Bloodsport is such a nasty word these days. And who would disagree with such barbarisms as dog and cockfighting making the news? In the wilder rural arenas drunk misogynists strap on paintball guns and hunt bikini-clad (or totally nude!) women for sport. I’m aghast too, believe you me.
But there is one bloodsport in the U.S. doing its best to give the whole misdirected genre its good name back –Rodeo. And once again, rednecks are leading the way. According to most on-line dictionaries bloodsport can refer to either a game or sport designed to end in death, or one typically involving the shedding of blood. While both of these are indeed bloodsport, today I’m referring to the gentlemanly tradition of risking life and limb for glory and entertainment.
This category used to include such American pastimes as football and boxing, but those games have since crossed the line into the bloodlust world, leaving the sport behind. Only Rodeo remains alive today and bubbling with redneck passion to demonstrate amazingly stupid feats of daring in order to sacrificially bring an equilibrium to rural America.
You see, in the prehistoric days humans clubbed mastodons with sabre-toothed tigers. In the Bible days people dealt with their grisly need for blood out in the open, by taking a literal scapegoat and draining it on an alter. Sins gone, all better. Then in the olden days civilization progressed (or digressed) through periods of burnings, hangings and world wars.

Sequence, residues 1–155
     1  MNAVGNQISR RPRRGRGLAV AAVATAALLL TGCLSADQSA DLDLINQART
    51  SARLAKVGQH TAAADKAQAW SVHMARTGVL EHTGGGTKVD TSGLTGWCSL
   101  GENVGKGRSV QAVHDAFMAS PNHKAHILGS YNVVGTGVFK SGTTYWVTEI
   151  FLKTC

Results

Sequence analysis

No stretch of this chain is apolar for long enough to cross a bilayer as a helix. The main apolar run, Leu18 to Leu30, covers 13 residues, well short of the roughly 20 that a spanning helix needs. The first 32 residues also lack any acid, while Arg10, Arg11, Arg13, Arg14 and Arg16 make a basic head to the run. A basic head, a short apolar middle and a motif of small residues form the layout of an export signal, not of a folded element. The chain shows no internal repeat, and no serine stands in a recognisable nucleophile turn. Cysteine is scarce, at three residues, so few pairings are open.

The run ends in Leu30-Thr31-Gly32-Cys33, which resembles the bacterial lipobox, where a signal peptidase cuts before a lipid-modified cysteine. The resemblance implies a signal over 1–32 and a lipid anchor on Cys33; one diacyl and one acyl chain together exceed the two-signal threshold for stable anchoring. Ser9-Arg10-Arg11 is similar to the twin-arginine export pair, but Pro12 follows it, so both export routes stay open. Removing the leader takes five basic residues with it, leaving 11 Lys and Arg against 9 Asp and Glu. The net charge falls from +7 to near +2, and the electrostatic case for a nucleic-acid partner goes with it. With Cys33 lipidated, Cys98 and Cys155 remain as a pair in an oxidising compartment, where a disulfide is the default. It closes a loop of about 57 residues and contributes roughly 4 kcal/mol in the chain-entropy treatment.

When things settled down a bit we advanced into bloody sports, starting with murder golf and eventually evolving into Thunderdome. It’s human nature. We need blood letting (sometimes referred to as sacred violence) in order to find stability and resolution of guilt as a society. I can accept this fact. But as a granola, I am always searching for the most sustainable way.
Rodeo. Honest to goodness. Rodeo is a blood sport of gentlemen and women. The ceremonies open with a prayer to God for grace and safety. The action progresses in a fair and egalitarian manner, with spectators called upon to root equally for every participant. And while violence is a necessary component, fans never cheer for human or animal to be injured. It is a truly sustainable bloodsport — one we wouldn’t have without rednecks from Kansas to Texas to Utah to Montana.
I ask you, where else would America’s God-fearing, clean-cut youth find a constructive outlet for their teenage angst and shattered childhood dreams without Rodeo? Our urban youth are stuck in an escalating wold of gang violence, while rural youth are able to strap themselves to the back of a two-ton monstrosity and ride out a full eight seconds.
Which seems more sustainable in the end to you?